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Washington's monument : and the fascinating history of the obelisk / John Steele Gordon.

Available copies

  • 5 of 5 copies available at Evergreen Indiana.

Current holds

0 current holds with 5 total copies.

Location Call Number / Copy Notes Barcode Shelving Location Status Due Date
Morgan Co PL - Martinsville Main Library 975.3 GOR (Text) 78551000525161 Non-Fiction Available -
New Castle-Henry County PL - Main 975.3 GORD (Text) 39231033174646 Adult Non-fiction Collection Available -
North Webster Comm. PL - North Webster 975.3 GOR (Text) 72436000116061 Adult nonfiction Available -
West Lafayette PL - West Lafayette 917.53 GOR (Text) 31951004082332 2nd Floor - Non-Fiction Available -
Zionsville PL - Hussey-Mayfield Memorial Branch 975.3 GORDON (Text) 33946003080186 Nonfiction . 2nd Floor Available -

Record details

  • ISBN: 9781620406502
  • ISBN: 1620406500
  • Physical Description: 229 pages : illustrations ; 24 cm
  • Publisher: New York : Bloomsbury, 2016.

Content descriptions

Bibliography, etc. Note:
Includes bibliographical references (pages 215-216) and index.
Formatted Contents Note:
Preface: A fascinating shape -- The Father of his country -- The gift of the Nile -- Building a stump -- Stealing obelisks -- Paris and London take their prizes -- Reaching the top -- Securing New York's moral grandeur -- Into the twenty-first century.
Summary, etc.:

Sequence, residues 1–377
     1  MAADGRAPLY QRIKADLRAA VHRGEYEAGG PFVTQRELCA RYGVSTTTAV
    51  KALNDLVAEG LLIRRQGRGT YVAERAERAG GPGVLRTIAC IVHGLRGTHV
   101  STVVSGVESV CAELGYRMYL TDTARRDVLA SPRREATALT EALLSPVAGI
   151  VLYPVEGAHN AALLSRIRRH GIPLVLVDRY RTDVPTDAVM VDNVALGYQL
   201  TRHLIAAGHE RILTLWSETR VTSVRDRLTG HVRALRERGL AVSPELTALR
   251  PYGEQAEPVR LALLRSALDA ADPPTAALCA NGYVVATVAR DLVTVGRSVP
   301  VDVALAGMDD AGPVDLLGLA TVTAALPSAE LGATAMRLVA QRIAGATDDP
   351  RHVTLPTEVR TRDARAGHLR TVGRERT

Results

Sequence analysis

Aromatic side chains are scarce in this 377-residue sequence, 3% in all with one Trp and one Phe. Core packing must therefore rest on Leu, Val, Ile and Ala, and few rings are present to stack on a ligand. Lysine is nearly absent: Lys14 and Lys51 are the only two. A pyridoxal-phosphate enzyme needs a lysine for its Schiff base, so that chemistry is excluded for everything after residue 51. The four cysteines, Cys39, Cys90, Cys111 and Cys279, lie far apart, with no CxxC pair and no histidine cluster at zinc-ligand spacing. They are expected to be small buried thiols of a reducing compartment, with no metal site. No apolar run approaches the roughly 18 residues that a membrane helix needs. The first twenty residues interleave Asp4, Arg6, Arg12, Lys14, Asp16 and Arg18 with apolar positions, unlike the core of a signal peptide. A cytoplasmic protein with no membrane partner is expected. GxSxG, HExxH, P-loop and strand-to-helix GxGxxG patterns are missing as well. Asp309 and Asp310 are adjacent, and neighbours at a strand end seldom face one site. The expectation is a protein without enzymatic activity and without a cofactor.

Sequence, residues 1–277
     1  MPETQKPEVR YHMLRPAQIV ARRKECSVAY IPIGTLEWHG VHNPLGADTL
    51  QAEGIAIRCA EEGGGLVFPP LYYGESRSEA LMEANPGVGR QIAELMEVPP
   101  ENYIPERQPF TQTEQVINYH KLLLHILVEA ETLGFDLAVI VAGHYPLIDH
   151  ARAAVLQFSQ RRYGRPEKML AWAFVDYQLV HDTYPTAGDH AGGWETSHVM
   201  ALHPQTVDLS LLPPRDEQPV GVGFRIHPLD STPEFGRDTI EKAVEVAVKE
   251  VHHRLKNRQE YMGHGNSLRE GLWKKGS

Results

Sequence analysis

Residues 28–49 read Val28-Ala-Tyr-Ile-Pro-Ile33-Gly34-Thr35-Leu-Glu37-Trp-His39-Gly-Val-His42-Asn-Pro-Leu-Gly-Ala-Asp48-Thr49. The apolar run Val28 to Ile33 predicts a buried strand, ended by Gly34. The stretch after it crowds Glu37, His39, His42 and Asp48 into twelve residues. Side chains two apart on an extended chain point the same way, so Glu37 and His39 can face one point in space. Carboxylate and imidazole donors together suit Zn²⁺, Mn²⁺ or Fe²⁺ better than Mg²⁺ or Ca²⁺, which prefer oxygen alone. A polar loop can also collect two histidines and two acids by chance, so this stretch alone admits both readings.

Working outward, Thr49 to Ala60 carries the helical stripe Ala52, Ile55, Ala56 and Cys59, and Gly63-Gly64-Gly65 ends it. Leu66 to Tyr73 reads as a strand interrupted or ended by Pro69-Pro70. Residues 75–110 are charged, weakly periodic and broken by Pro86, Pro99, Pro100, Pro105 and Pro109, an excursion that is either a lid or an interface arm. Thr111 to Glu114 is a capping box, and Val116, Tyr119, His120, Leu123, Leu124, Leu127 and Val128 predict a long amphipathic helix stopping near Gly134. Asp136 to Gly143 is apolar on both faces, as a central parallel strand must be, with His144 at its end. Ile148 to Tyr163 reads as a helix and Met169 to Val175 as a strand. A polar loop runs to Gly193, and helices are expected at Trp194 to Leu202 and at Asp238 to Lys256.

"Conceived soon after the American Revolution ended, the great monument to George Washington was not finally completed until almost a century later; the great obelisk was finished in 1884, and remains the tallest stone structure in the world at 555 feet. The story behind its construction is a largely untold and intriguing piece of American history, which acclaimed historian John Steele Gordon relates with verve, connecting it to the colorful saga of the ancient obelisks of Egypt. Nobody knows how many obelisks were crafted in ancient Egypt, or even exactly how they were created and erected since they are made out of hard granite and few known tools of the time were strong enough to work granite. Generally placed in pairs at the entrances to temples, they have in modern times been ingeniously transported around the world to Istanbul, Paris, London, New York, and many other locations. Their stories illuminate that of the Washington Monument, once again open to the public following earthquake damage, and offer a new appreciation for perhaps the most iconic memorial in the country"-- Provided by publisher.
Subject: Washington Monument (Washington, D.C.) > History.
Washington, George, 1732-1799 > Monuments > Washington (D.C.)
Washington (D.C.) > Buildings, structures, etc.
HISTORY / United States / General.
ARCHITECTURE / Buildings / Landmarks & Monuments.

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